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Ependymoma

What is an ependymoma?

Ependymoma is a type of glioma that develops from ependymal cells. Ependymomas usually develop in the lining of the ventricles or in the spinal cord. The most common place they are found in children is near the cerebellum. The tumor often blocks the flow of the cerebral spinal fluid (CSF), causing increased intracranial pressure.

Ependymomas are rare, accounting for just 2-3% of primary brain tumors. However, they account for about 8-10% of brain tumors in children. They most often occur in children younger than 10 years of age.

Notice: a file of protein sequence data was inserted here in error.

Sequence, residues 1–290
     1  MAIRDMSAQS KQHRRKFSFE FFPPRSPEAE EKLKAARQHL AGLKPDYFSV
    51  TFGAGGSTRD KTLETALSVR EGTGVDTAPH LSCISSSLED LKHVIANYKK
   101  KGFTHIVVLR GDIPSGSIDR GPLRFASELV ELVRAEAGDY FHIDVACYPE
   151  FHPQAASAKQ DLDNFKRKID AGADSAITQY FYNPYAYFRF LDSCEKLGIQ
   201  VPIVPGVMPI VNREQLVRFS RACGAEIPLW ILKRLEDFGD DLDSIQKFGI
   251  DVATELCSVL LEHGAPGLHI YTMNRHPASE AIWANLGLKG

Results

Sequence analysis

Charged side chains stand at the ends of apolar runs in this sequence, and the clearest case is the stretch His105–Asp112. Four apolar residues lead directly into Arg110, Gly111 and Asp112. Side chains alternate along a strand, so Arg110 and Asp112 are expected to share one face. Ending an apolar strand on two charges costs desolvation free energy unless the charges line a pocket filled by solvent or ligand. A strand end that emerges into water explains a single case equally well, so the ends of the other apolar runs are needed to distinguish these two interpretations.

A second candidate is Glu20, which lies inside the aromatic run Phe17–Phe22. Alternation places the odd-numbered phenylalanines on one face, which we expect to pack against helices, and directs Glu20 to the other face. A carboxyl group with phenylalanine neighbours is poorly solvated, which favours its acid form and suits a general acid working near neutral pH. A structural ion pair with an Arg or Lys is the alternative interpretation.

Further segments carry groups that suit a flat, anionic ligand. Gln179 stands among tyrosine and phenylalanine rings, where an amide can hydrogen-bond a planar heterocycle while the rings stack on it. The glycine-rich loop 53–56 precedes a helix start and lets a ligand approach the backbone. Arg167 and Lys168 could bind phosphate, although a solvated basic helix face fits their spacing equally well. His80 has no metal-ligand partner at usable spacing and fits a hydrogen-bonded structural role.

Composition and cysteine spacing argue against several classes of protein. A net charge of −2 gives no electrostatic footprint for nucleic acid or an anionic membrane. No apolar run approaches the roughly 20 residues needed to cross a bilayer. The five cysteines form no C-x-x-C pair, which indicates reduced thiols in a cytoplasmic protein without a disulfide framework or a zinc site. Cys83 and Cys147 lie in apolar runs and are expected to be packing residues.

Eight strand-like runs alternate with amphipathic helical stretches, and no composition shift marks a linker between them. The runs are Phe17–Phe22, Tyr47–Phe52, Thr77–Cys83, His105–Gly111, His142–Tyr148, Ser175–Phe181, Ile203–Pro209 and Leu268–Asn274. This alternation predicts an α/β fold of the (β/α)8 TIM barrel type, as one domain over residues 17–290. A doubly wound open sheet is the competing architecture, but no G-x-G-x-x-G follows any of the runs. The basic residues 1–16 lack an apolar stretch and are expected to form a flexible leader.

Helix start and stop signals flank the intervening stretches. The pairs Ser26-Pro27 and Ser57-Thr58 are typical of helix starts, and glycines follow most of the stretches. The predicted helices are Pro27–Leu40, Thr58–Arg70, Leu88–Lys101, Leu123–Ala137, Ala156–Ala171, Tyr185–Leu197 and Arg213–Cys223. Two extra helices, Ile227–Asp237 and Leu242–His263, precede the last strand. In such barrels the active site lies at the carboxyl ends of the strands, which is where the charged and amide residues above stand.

Learn about other types of gliomas: astrocytoma, brain stem glioma, mixed glioma, oligodendroglioma, optic nerve glioma.


To make an appointment or request a consultation, contact the Johns Hopkins Glioma Center at 410-955-6406.

 
 

Our Comprehensive Brain Tumor Center is a National Cancer Institute (NCI) designated Comprehensive Cancer Center.

The Johns Hopkins Comprehensive Brain Tumor Center is a National Cancer Institute (NCI) designated Comprehensive Cancer Center.

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